There’s no place like home: most Germans still live in the area where they grew up


  • 26 percent of Germans still live or have returned to live in the place where they grew up
  • The majority of moves take place within a radius of just 25 kilometres
  • Family and friends are the favourites for help on moving day

Why run away to faraway climes when the good life is close to home? That seems to be an idea most Germans live by. Twenty-six percent of them still live, or have returned to live, in the place they grew up in, whilst 30 percent end up just a few kilometres away. These were the results of a representative survey by YouGov commissioned by energy provider E.ON. The most loyal souls here are the people of Hamburg: almost half of the current inhabitants actually grew up there too. In Saxony-Anhalt (41%) and Thuringia (38%) people likewise choose to live in the place where they spent their childhood, with Berliners (34%) and the people of Bremen (33%) not far behind.

At the same time though, Berlin is also where people tend to move the most: only one percent have never moved house, and most Berliners have already moved between six and ten times. In contrast, the average German moves only two or three times.

Long-distance moves a rarity

When you consider the distance German people actually travel when moving house, then here too we see that long-distance moves are something of a rarity. For around 40 percent the new home is located less than 25 kilometres from their previous residence. Not even one third of those questioned have ever moved bigger distances of up to 200 kilometres, and only very few move a long way away: just seven percent have moved a distance of more than 1,000 kilometres at any time.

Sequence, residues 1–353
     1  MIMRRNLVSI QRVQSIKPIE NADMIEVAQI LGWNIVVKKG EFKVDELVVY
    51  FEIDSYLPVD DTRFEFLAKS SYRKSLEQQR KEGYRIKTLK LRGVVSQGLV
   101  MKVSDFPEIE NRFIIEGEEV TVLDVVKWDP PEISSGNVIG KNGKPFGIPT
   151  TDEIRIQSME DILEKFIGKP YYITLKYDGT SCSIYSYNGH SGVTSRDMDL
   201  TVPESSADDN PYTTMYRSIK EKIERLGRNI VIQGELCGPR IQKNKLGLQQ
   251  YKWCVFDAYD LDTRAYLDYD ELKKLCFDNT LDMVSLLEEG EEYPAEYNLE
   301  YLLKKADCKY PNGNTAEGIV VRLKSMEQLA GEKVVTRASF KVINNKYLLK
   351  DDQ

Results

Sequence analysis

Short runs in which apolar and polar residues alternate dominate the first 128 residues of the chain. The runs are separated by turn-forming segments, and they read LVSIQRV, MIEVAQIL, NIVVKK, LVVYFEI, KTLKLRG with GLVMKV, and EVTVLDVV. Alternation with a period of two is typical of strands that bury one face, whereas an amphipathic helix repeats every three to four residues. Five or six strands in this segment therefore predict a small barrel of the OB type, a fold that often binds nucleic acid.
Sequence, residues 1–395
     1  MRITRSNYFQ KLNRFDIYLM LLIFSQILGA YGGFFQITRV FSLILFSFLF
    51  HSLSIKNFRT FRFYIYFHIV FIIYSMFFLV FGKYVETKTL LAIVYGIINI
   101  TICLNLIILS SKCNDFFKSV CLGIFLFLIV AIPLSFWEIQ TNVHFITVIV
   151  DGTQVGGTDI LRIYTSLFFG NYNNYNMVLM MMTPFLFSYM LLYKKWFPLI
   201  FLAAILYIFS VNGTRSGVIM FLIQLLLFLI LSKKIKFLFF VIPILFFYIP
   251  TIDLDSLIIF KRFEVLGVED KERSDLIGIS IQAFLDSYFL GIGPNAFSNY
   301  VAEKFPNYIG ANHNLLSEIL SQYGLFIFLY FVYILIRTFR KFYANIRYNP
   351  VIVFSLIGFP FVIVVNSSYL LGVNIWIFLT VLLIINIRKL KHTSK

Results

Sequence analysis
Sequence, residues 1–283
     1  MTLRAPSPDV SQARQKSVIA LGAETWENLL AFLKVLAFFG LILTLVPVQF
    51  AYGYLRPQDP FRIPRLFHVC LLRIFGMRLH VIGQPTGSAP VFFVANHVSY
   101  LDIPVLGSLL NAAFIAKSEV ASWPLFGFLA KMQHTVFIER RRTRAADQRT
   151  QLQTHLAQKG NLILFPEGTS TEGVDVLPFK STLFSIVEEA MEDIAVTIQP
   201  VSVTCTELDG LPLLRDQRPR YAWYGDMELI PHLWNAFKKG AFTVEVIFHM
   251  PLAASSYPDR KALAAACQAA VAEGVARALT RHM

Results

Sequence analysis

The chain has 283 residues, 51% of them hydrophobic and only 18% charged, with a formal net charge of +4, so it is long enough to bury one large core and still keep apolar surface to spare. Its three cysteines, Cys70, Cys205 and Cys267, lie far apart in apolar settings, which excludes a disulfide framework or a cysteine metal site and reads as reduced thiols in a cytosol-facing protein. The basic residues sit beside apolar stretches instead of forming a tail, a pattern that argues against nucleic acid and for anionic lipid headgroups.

Family and friends are the favourites to help with a move

With around two thirds of all moves in Germany, family and friends are roped in to help. Only around one fifth of those questioned enlist the help of a removals company, and almost nobody opts for other paid helpers that can be found on online portals. Almost 15 percent of Germans take care of transportation themselves and rent a truck or a van. The organizational effort involved in moving is also the most stressful part for people after packing. Around a quarter of Germans cite acquiring a vehicle, finding helpers, changing address etc. as the most stressful elements. “At least where energy provision is concerned, we are able to offer a helping hand to those who want to move house,” says Uwe Kolks, Managing Director at E.ON Energie Deutschland. The company offers a simple service for customers and anyone wanting to switch to E.ON in their new home, and takes care of the cancellation and settlement of their old contract. “If you then rent a van for your moving day from our cooperation partner Sixt, then you benefit twice over: take our electricity contract with you or conclude a new one with us and we will cover 150 euros of your transport costs as a thank you,” says Kolks, explaining the current offering. You can get more information on moving with the electricity provider at

Town and country are equally popular

Incidentally, there is quite an even balance regarding where Germans relocate to. According to the YouGov survey, there are equal proportions of around 30 percent who choose the big city, small-town life and the rural idyll. Less than one sixth choose medium-sized towns and cities of 50,000 to 100,000 inhabitants.

There’s no place like home
Image rights: E.ON
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